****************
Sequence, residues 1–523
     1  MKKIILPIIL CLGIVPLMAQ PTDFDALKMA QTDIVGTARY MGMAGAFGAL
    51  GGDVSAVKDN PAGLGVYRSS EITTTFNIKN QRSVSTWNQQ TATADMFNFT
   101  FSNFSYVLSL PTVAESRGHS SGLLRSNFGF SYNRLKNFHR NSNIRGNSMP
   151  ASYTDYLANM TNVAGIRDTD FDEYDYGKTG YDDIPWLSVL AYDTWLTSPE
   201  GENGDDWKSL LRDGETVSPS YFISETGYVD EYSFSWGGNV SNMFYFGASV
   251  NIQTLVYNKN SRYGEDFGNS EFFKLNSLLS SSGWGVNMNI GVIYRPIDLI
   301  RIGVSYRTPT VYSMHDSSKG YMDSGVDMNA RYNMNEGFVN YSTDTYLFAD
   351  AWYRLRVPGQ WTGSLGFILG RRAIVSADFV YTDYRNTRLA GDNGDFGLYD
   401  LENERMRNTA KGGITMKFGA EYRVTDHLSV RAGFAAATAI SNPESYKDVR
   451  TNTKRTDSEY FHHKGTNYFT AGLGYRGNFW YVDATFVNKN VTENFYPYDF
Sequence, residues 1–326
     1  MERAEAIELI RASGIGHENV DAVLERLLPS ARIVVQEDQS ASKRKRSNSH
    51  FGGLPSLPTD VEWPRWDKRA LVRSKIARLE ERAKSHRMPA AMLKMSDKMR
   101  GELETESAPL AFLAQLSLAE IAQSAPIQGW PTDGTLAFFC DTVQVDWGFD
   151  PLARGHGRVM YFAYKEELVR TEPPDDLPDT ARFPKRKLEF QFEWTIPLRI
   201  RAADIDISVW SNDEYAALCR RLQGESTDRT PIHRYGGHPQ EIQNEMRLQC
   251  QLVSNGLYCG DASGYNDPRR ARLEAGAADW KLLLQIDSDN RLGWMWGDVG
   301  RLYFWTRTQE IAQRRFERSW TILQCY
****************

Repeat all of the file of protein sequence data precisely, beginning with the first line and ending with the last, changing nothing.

Sequence, residues 1–523
     1  MKKIILPIIL CLGIVPLMAQ PTDFDALKMA QTDIVGTARY MGMAGAFGAL
    51  GGDVSAVKDN PAGLGVYRSS EITTTFNIKN QRSVSTWNQQ TATADMFNFT
   101  FSNFSYVLSL PTVAESRGHS SGLLRSNFGF SYNRLKNFHR NSNIRGNSMP
   151  ASYTDYLANM TNVAGIRDTD FDEYDYGKTG YDDIPWLSVL AYDTWLTSPE
   201  GENGDDWKSL LRDGETVSPS YFISETGYVD EYSFSWGGNV SNMFYFGASV
   251  NIQTLVYNKN SRYGEDFGNS EFFKLNSLLS SSGWGVNMNI GVIYRPIDLI
   301  RIGVSYRTPT VYSMHDSSKG YMDSGVDMNA RYNMNEGFVN YSTDTYLFAD
   351  AWYRLRVPGQ WTGSLGFILG RRAIVSADFV YTDYRNTRLA GDNGDFGLYD
   401  LENERMRNTA KGGITMKFGA EYRVTDHLSV RAGFAAATAI SNPESYKDVR
   451  TNTKRTDSEY FHHKGTNYFT AGLGYRGNFW YVDATFVNKN VTENFYPYDF
Sequence, residues 1–326
     1  MERAEAIELI RASGIGHENV DAVLERLLPS ARIVVQEDQS ASKRKRSNSH
    51  FGGLPSLPTD VEWPRWDKRA LVRSKIARLE ERAKSHRMPA AMLKMSDKMR
   101  GELETESAPL AFLAQLSLAE IAQSAPIQGW PTDGTLAFFC DTVQVDWGFD
   151  PLARGHGRVM YFAYKEELVR TEPPDDLPDT ARFPKRKLEF QFEWTIPLRI
   201  RAADIDISVW SNDEYAALCR RLQGESTDRT PIHRYGGHPQ EIQNEMRLQC
   251  QLVSNGLYCG DASGYNDPRR ARLEAGAADW KLLLQIDSDN RLGWMWGDVG
   301  RLYFWTRTQE IAQRRFERSW TILQCY